Loveless’ Education Policies need a Mechanic


Senator Kyle Loveless posted on Facebook, “My opinion piece in the Oklahoman about Educational freedom” attached was this article. If you’re reading this, chances are you know how I feel about Education Savings Accounts (ESAs) or vouchers.

But what really irks me about this particular post is that in his article, he compares his envisioned education market with the competitive market of the car service industry: “When my car breaks down, I don’t do business with the closest mechanic to my home. I find the mechanic who can provide the best service and repair for my money.” He goes on to say that he is “proposing legislation that allows qualified families to move their child from a public school and take up to 75 percent of the student’s funding with them.”

What I’d like to know (And I commented this on his Facebook post) is this:
Imagine that the closest mechanic to your home (We’ll call him/her Mechanic A) is fully funded and operated on tax dollars alone. Because it is funded by tax dollars, it is free to any and all who choose to use it. Those who reap its benefits pay nothing for its services.

And, of course, because it is funded by the state, there are strict accountability measures in place to determine whether or not it is operating up to par. (Mechanic A did get a C rating on its annual report card because its customers don’t pick their vehicles up in an adequate amount of time)

Now imagine the second mechanic (Mechanic B) is not associated with the government. It is a private entity. He/She charges $200 to fix your problem. With your government-issued 75% off coupon, that would be a $50 payment. (Notice that mechanic B is now making a profit AND receiving government money) Does someone living paycheck to paycheck have the extra money to spend $50 to Mechanic B?

Also note, that the customer has no idea, when comparing mechanics, if Mechanic B is worth it as B isn’t being held accountable by the same measurements that Mechanic A is.

So that begs the questions- Does the quality of the product of Mechanic A improve or suffer as a result of losing a portion of its funding to the mechanic who is able to profit off of its customers while Mechanic A is not? (Many would suggest that, in theory, Mechanic A’s output ought to improve because it’s now having to compete for customers.) However, it is now having to provide the same service to its customers without making any profit!

It’s output is supposed to stay the same, as its input decreases. Mechanic B appears to be successful because it is able to have shiny new tools and they have that complimentary coffee in the waiting room, and after all, Mechanic A does have a “C” rating. Must be nice to be able to afford that coffee with my tax dollars and not be held accountable for the type of service you put out (Would you believe that I saw someone left their car at the shop for three days after they got it serviced?? That is clearly poor service on the part of Mechanic B!) Mechanic A is clearly unable to offer (being a non-profit) what the other can offer with its combination of tax dollars and private dollars. Not a fair competition.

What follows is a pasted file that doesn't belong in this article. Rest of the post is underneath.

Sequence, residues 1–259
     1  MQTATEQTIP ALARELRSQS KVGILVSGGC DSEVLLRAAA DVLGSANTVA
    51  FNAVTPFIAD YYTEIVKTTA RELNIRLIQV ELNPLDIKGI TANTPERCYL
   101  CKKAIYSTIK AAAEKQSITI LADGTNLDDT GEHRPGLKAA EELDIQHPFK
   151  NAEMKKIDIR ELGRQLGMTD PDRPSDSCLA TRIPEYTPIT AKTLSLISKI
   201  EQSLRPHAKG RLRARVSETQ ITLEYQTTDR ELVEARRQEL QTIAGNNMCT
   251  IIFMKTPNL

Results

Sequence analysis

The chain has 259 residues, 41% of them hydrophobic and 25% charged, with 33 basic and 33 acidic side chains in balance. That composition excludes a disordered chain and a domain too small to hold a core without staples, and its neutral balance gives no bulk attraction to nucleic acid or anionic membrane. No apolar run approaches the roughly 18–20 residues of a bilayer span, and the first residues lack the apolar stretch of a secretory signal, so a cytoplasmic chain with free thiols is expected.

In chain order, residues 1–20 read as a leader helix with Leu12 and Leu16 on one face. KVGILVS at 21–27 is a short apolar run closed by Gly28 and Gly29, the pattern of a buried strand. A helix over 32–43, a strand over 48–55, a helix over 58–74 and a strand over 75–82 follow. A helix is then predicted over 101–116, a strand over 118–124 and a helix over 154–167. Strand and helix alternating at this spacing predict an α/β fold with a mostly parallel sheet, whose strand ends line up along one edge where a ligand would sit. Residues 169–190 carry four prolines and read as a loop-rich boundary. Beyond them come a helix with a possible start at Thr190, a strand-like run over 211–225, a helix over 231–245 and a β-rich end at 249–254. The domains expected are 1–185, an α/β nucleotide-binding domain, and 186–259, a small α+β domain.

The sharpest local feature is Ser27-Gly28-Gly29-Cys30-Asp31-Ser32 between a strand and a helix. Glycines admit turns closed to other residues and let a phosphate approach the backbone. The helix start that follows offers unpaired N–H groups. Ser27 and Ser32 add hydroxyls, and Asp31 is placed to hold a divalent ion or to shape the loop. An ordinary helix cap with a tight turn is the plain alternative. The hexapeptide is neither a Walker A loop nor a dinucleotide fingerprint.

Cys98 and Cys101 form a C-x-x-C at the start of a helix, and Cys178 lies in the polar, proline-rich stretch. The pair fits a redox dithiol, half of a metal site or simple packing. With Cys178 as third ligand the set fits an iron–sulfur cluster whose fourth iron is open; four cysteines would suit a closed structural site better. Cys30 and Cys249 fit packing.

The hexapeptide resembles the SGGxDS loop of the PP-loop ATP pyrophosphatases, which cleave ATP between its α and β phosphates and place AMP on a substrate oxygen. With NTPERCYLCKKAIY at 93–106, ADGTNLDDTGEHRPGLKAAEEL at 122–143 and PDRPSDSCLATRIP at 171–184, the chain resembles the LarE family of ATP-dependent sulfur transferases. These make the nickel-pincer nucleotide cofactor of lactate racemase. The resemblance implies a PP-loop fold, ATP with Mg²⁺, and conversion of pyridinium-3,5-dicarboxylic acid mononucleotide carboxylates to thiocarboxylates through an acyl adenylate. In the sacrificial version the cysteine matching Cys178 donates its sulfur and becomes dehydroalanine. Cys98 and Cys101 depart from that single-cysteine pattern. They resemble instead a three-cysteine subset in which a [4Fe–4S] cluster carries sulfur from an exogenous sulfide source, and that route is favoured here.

Recap: Mechanic A suffers a loss of its funding to Mechanic B who is halfway across town, (and therefore, not invested in its neighborhood/community) more expensive, not accountable for its work, and quite frankly, there to make a profit and not a difference.

Senator Loveless: This is your mechanic analogy- not mine. And it’s not a great one- you failed to realize that in real life- outside of the analogy- neither mechanic is funded by taxpayers entirely (as one of the mechanics in my story is- both make profits in your analogy) and that students are simply not customers, nor are they political pawns to progress a political agenda that benefits the wealthy and fails to work for the best interests of the average Oklahoman.

Are you prepared to hold all schools to the same level of accountability across-the-board?

If you can exert so much energy into getting taxpayer dollars to private schools, why can’t you get them into my classroom?

-M. Jayden Mills, Chickasha High Senior




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